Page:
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I’m at the Omega Institute teaching a sold out week long workshop “Nature Photography and the Art of Seeing.” This is truly a privilege for me as I have always wanted to combine the concepts of mindfulness and photography—how what we focus on and what we’re aware of at any given moment shapes our approach to photography. This is especially true in nature where all that matters is you and your thoughts.

As part of my opening remarks to the students, I explained my 8 principles of nature photography which I recently put together. Of course this is not an authorative list for all situations and all photographers, but for the purposes and goals of the workshop, I think it was important to share. And most of all I truly believe in and try to practice each of these daily in my own photography. I hope they provide some insight and perspective for you.

  1. The worst thing you can say or think as a nature photographer is “what’s wrong.”

  2. Approaching the time you spend in nature as a privilege, a gift, a moment by moment experience allows you to see and appreciate “what’s right.”

  3. Gratitude is the best emotion in nature. It’s also the most difficult to express at times because we want to control the results, control the technology, and control our creativity. And most of all, we want to overcome our creative shortcomings.

  4. In nature there is very little we can control. We can only be open to the each situation, each opportunity, and be aware of how we’re reacting to it. We can control how we react to what’s happening.

  5. There is an intrinsic connection between nature and the breath. Only when we are aware of our breathing can we be most aware of nature. This is true for life in general, but for nature photography it is crucial.

  6. Technology is a tool. The camera is a tool. It is there to serve us, not for us to serve it. The faster you decide how and why to use the technology, the more it will get out of the way. And the more it will become a trusted friend, a tool to serve your creative vision, rather than something that dominates your process.

  7. Photography is a language, a visual language of light, form, color, and allegory. With it we can tell stories, convey emotions, and express our opinions about what we find captivating in nature.

  8. The best thing you can do as a nature photographer is to have an opinion. Passion is good, but having something to say is better. It reveals you as a photographer to others. And best of all it reveals you to yourself.

As always, let me know if you have any questions or feedback to offer – it’s always welcome and I enjoy hearing from you. Thanks for reading!

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This Post Has 13 Comments

  1. Great advice and well said. Thank-you! I certainly identify with much of what you described, but have more to learn and practice!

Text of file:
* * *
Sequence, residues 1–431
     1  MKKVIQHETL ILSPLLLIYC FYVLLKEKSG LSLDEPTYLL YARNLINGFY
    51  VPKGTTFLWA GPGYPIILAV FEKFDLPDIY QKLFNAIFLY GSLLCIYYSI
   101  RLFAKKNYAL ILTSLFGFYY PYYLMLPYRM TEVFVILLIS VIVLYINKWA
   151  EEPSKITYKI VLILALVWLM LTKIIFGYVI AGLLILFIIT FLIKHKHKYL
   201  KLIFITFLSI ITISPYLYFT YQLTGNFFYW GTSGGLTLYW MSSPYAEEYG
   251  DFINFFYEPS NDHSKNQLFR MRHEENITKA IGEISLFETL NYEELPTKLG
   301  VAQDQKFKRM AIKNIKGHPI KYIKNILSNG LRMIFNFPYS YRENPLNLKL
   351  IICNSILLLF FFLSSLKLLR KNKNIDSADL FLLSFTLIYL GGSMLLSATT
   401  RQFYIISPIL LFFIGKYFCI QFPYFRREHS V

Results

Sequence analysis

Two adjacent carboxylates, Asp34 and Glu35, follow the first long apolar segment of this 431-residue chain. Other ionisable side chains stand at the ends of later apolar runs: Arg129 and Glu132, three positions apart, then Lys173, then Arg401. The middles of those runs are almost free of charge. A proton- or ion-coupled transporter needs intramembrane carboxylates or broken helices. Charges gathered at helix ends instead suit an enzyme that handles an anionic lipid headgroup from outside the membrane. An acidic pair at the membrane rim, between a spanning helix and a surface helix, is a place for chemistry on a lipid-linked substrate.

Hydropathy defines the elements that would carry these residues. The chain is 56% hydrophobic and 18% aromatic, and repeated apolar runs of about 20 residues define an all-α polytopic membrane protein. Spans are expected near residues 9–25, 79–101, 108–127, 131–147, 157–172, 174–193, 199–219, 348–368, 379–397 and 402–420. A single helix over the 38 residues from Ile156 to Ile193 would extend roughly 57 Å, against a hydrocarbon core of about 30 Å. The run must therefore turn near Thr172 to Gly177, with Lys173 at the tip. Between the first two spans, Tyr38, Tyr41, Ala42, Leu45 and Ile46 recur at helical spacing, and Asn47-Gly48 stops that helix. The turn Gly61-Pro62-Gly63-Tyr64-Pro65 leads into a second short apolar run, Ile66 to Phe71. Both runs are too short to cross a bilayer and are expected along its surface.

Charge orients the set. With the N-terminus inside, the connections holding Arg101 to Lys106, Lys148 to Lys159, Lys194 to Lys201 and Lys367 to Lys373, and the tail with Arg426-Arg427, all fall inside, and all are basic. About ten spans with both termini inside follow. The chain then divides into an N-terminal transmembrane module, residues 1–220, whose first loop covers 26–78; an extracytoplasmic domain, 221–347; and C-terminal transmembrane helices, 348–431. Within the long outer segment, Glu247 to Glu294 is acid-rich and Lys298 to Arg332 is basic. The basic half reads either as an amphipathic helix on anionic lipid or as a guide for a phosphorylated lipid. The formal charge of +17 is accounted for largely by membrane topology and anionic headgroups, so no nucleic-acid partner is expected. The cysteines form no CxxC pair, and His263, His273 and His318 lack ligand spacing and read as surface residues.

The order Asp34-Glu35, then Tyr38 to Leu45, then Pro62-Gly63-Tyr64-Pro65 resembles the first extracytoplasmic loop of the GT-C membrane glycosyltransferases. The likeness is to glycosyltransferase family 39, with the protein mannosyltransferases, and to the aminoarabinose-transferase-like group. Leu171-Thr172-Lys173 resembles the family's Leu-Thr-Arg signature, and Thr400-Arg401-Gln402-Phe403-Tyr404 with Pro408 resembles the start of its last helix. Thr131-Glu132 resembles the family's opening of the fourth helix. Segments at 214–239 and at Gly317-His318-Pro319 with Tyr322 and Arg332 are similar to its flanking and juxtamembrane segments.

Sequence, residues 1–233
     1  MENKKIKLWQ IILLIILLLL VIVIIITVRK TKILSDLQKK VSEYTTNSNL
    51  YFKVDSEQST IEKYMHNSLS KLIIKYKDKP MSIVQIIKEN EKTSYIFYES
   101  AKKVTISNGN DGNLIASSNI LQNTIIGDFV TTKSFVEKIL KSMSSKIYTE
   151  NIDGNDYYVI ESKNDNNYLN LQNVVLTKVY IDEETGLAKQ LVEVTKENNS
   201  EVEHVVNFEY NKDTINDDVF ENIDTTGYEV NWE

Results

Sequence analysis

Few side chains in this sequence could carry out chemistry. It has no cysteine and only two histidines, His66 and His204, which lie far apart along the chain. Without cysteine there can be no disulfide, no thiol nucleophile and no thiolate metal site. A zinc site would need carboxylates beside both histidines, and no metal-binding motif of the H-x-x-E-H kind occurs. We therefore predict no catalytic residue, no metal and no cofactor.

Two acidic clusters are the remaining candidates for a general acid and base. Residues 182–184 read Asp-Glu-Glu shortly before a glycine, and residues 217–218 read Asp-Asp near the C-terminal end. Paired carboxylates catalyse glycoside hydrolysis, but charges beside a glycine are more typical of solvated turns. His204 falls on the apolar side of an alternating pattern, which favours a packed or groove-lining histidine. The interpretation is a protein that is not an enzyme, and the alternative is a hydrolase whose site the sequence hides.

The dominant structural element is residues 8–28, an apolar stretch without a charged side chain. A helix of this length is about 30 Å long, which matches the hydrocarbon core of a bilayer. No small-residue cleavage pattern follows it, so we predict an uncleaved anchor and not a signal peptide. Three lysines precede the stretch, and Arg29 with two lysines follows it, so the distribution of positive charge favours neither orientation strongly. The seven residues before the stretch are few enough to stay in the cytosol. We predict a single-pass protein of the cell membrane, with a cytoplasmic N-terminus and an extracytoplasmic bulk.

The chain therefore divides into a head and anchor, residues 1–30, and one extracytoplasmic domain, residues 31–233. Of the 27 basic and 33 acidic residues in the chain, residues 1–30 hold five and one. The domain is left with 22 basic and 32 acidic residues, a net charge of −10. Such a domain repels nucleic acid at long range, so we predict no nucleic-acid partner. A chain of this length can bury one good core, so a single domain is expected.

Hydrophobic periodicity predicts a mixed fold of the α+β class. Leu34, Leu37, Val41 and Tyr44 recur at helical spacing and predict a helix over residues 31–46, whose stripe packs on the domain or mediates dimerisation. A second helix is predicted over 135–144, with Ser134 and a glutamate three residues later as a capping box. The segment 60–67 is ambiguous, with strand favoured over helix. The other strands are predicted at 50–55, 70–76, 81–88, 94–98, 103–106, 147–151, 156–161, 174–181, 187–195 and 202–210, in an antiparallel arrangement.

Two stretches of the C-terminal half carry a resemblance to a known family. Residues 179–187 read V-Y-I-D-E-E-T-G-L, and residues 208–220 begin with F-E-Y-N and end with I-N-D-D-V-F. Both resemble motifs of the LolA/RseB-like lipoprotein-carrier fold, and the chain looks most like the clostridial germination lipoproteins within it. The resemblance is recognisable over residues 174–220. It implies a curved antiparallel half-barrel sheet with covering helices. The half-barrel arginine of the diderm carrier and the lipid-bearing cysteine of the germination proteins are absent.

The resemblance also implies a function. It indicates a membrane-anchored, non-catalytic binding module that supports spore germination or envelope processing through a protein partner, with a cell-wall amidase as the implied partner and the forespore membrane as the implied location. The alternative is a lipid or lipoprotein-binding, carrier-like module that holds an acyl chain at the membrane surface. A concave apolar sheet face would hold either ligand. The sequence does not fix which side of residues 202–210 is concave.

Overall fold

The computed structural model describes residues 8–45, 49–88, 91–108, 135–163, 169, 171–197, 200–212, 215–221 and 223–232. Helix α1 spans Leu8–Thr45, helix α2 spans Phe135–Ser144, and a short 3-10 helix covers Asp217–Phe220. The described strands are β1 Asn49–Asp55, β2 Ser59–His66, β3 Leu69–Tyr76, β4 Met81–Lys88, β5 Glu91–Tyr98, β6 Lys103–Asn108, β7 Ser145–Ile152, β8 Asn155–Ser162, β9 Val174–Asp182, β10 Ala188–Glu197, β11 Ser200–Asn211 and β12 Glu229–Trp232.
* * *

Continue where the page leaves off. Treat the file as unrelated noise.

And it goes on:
1. Always grateful Hillel for the feedback. We all have much to learn and practice, but for me that’s what makes every day special. It keeps me inspired to keep going, and I suppose without that purpose, I wouldn’t be as committed to sharing it her with you and others. thanks again for the support.


    1. Hi Mike, many thanks and apologies for the delay in response – very busy week. I hope you can get past the first one and think about the rest, my hope is that they inspire you as a whole. I love the feedback and questions, so always feel free.


    1. Thanks for the feedback David, and apologies for the delay in my responding – if we only could do everything we’d like to do! The interesting thing is I don’t either, but I don’t let that stop me from trying or learning from my failures. It’s all a process and a path, and as cliche as that might sound it doesn’t stop it from being true. As long as I’m aware of how I’m walking that path, and for that matter how you’re walking that path, we have the chance to make better images and be truer to ourselves.


  2. As always, well put Robert. Hope to get a chance to see you one of these daze, oh Lord of Light!

  3. Your photos are amazing! Such clarity and depth! My digital photos, by comparison are pretty flat and listless. I need to learn to take better shots of our horses and Longhorns and our farm life in general.
    Thank you for all the good pointers and information. I’ve already learned to take a better look, and I think that’s a good start.
    Martha in Texas

    1. Hi Martha, many thanks for leaving your comments and for reading. My strong suggestion os to experiment with light and see how it affects your images. Spend one whole day photographing the same subject/scene from sunrise to sunset, perhaps every few hours or so, and then look at the results to see where the light makes the biggest different in terms of mood, dimension, feeling, etc. If you do this a few times you’ll start to see patterns and it will help you discover what conditions need to be like in order to make the images you prefer. Practice is the key, make it a habit..hope that helps and let me know what happens.


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